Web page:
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Chelsea didn't do Liverpool a favour... it was more a disservice

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Heartiest congratulations to Liverpool. There, I've said it. Can I go now?

Infantile churlishness aside, you have to take your hat off to such worthy, emphatic Premier League winners.

Getting over the line with seven games to spare, 23 points ahead of defending champions Manchester City; well, it brooks no argument. Enjoy being back 'on the perch' lads, it won't be for long.

If I was a Liverpool fan, however, I'd be miffed at oft-repeated suggestions that Chelsea had done Jurgen Klopp's all-conquering team 'a favour' by beating City at Stamford Bridge, thus ending the 18-time top-flight champions' 30-year wait for that elusive 19th.

I mean, did the Merseysiders, whose coronation destiny date went from 'if' to 'when' months ago, need a favour from a rival club their fans historically detest?

While obviously overjoyed at winning the thing last week, this was not the way genuine Koppites of my acquaintance wanted it to go, notwithstanding this already bizarre, unparalleled, coronavirus-ridden season.

Some 27 years ago I was at Old Trafford watching United beat Blackburn 3-1 and celebrating the end of 26 barren years - but it wasn't as simplistic as it sounds.

Due to satellite TV's May Bank Holiday weekend scheduling, Aston Villa (going toe-to-toe with United for the title) would be at home to relegation-threatened Oldham on the Sunday, with Alex Ferguson's men handed a Monday tea-time kick-off for their expected clinching of the Holy Grail.

Flights and accommodation had been booked just after United captain Steve Bruce's late brace of bullet headers against Sheffield Wednesday etched the name onto the trophy three weeks earlier.

But then Oldham's Nicky Henry - born and bred in Liverpool - scored a shock winner at Villa Park to hand United the title without, as they say, kicking a ball.

Asked afterwards about how he felt about "doing Manchester United a favour", Henry replied: "I couldn't care less about that lot," (although, from memory, those sentiments may have been expressed a little stronger than that).

When the title was 'won' last Thursday for instance, most pictures on the next day's back pages were of blue-shirted players, not red-shirted ones, celebrating.

The Blackburn game was fun; a pleasant memory. We even laughed when the visitors took an early lead; like, who cares?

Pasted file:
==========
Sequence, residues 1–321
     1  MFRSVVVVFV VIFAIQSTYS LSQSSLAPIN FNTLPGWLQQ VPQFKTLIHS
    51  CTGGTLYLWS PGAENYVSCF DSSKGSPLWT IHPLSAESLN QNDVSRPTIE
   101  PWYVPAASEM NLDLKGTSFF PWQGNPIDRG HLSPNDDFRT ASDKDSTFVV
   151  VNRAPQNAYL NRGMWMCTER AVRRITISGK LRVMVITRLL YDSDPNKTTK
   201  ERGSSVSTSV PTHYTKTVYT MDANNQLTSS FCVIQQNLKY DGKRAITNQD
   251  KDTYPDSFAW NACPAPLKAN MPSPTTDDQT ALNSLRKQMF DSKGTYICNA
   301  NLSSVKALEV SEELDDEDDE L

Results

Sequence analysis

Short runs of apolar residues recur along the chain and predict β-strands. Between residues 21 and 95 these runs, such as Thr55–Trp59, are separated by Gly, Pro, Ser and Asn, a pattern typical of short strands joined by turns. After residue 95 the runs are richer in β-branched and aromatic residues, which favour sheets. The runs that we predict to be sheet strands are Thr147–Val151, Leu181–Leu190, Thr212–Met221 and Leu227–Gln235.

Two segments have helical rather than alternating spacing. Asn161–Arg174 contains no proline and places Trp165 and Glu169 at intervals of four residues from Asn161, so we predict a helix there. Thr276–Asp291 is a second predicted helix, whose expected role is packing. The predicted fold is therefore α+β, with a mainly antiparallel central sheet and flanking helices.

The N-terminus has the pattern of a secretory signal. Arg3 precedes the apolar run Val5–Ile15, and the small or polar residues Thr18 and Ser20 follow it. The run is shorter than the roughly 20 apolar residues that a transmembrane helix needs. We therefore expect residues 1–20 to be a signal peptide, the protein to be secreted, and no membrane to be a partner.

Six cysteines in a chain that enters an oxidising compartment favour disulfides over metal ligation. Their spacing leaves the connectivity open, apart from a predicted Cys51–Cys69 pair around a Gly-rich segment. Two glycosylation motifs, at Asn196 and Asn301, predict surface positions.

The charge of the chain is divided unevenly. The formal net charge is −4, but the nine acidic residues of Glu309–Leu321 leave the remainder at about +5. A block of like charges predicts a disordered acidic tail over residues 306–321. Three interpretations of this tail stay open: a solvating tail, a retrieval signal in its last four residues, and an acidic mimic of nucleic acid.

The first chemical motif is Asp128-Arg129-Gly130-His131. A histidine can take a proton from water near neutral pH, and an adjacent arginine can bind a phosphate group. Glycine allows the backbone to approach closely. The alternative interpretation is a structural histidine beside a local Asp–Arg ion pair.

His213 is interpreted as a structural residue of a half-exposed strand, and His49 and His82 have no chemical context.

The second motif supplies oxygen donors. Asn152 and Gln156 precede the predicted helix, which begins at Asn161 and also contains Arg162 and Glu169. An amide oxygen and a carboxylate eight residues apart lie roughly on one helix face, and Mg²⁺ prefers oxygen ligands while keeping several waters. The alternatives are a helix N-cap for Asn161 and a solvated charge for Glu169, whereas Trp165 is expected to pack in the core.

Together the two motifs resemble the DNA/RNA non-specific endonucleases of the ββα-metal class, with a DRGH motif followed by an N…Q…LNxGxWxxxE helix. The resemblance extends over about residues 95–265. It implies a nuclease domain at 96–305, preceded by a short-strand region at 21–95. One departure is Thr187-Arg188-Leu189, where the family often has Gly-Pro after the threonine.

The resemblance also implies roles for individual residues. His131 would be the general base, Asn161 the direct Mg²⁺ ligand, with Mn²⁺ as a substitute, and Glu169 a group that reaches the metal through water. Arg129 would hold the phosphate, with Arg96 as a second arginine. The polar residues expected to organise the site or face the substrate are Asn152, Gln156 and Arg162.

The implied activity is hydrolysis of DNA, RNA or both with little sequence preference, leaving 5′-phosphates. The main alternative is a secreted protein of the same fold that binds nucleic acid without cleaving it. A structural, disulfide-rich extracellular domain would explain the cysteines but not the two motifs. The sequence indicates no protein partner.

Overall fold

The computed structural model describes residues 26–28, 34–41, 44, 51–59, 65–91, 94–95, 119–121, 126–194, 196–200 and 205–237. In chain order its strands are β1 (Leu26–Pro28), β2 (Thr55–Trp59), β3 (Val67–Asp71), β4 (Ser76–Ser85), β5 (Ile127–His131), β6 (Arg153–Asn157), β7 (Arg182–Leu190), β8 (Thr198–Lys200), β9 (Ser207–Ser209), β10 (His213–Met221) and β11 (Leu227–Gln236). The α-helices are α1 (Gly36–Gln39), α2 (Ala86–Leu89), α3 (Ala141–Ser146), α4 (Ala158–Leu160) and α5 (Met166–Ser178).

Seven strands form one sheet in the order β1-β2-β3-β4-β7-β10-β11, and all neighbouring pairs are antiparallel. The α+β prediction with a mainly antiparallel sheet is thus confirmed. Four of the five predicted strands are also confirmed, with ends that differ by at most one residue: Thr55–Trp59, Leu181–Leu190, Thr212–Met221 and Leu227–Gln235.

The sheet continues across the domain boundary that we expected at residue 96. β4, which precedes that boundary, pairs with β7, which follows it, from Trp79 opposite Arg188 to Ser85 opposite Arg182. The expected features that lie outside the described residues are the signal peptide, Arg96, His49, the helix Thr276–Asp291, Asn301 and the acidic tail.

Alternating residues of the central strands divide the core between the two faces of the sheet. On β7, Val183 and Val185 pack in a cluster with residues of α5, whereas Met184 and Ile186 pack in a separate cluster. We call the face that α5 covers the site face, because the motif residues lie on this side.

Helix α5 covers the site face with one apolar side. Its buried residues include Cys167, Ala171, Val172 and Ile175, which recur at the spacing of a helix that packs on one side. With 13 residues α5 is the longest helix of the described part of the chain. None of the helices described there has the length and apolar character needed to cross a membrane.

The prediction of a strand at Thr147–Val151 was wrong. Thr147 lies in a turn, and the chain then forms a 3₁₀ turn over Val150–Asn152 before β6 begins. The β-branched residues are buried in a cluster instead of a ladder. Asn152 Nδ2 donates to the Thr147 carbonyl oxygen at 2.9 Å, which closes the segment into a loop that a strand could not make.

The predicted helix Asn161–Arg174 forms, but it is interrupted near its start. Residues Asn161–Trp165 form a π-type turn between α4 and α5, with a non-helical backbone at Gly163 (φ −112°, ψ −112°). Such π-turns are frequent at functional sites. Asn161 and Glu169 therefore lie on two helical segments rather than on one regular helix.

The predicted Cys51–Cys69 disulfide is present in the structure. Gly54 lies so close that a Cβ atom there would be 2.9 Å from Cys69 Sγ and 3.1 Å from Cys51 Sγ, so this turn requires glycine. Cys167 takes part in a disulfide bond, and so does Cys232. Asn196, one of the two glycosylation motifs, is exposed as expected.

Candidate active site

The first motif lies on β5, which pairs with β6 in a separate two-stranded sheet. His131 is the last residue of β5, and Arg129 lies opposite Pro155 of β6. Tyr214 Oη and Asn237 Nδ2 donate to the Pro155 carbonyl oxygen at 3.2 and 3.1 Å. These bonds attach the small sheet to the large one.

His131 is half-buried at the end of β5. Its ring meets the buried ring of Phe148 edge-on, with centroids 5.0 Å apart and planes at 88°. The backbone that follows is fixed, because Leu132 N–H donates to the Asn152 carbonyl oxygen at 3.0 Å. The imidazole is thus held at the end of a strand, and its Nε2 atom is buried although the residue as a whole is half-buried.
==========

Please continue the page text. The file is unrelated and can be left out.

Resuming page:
There was no Stretford End back then due to major renovation work at the ground, but 40,447 jubilant fans still managed to squeeze themselves into OT to relish the historic occasion. It still felt a little anticlimactic though; bereft of the twitchiness, uncertainty and, ultimately, relief and rapturous, unbridled euphoria as the final whistle sounds.

Fast-forward two years and Blackburn needing to beat Liverpool at Anfield to thwart a third successive crown for Fergie and end their own top-tier title drought - a mere 81 years.

United fans - and many of their players - were convinced fourth-placed Liverpool would 'lie down' to visitors managed by Kop legend Kenny Dalglish.

In the end, Liverpool beat them 2-1, while United failed to hold their end up, drawing 1-1 at West Ham and conceding the title to Blackburn by a solitary point.

When Derby won the championship under Brian Clough in 1972 the players, having finished their 42-match campaign, were lying on a beach in Majorca as Leeds, a point behind them, lost to Wolves while Liverpool, two points behind, could only draw with Arsenal.

Pivotal games were also 'staggered' 20 years later when Leeds were crowned champions a few hours after beating Sheffield United in a lunchtime game at Bramall Lane, their anxious fans having to wait for Liverpool to put the final nail in United's coffin at Anfield later that afternoon.

For us media types, such denouements are unsatisfactory.

When the title was 'won' last Thursday for instance, most pictures on the next day's back pages were of blue-shirted players, not red-shirted ones, celebrating.

Not long after the printed papers had been put to bed, however, news outlets and social media were showing thousands of jubilant Scousers, brandishing flares and fireworks, blatantly defying social distancing rules outside Anfield.

It came at least a week earlier than authorities had expected, and ill-prepared police made no attempt to say "calm down, calm down" and disperse the crowd. This mass gathering was, however, reported in more upbeat tones than the shocking scenes from Bournemouth beach just a few hours earlier.

The following night, a similar impromptu congregation at the Pier Head led to crowd disorder, criminal damage and LFC themselves condemning "wholly unacceptable behaviour".

In their statement, the club reminded fans that "the region is still disproportionately affected by the Covid-19 pandemic", a none-too-subtle reference to the legacy of the ill-timed March 11 Champions League encounter with Atletico Madrid which, with hindsight, should never have gone ahead.

With the city of Leicester possibly facing a 'localised lockdown' after a worrying spike in coronavirus cases, the good people of Merseyside should perhaps now brace themselves for something similar.

You still think Chelsea did Liverpool a favour the other night?

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